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A NORTH DAKOTA STATEMENT. Here is a man who makes his business year end in March: this statement was drawn not quite a week after St. Patrick's Day.

The statement is made out very nicely until we come to the item of expense. Expenses for the year are stated to be $1365.99, and less than a quarter of an inch below we encounter this entry: "withdrawals for personal account, $1561.22."

We have no way of knowing just exactly what this last entry means, but we have little

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choice but to accept it as the proprietor's salary. It should therefore be added to expenses before we proceed further in an analysis of the business. Expenses, therefore, must be set down as $2927.21.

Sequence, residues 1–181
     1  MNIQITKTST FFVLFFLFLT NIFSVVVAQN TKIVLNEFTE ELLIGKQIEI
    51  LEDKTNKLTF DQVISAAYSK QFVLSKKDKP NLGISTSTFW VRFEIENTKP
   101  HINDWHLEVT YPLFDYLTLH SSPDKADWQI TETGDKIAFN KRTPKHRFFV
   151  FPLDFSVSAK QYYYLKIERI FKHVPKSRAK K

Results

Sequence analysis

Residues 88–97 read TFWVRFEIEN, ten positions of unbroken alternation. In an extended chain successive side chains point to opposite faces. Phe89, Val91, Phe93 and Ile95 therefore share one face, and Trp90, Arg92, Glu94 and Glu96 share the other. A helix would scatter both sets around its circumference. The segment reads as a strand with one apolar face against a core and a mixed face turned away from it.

Sales for the year are $9183.31, cost of goods sold $5599.54, and gross profit $3583.77.

Subtracting the $2927.21, expenses, from the gross profits, we get a net profit of $656.56. We find the percentage of gross profit to be 39; of expense, 32; of net profit, 7.

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ago he established himself in business in Dallas.

Mr. Marvin says he likes Texas so well that he expects to spend the remainder of his days there. And why shouldn't he like Texas? He has been successful from a business standpoint, and has achieved an unusual degree of popularity-as evidenced by his election to the office above mentioned.

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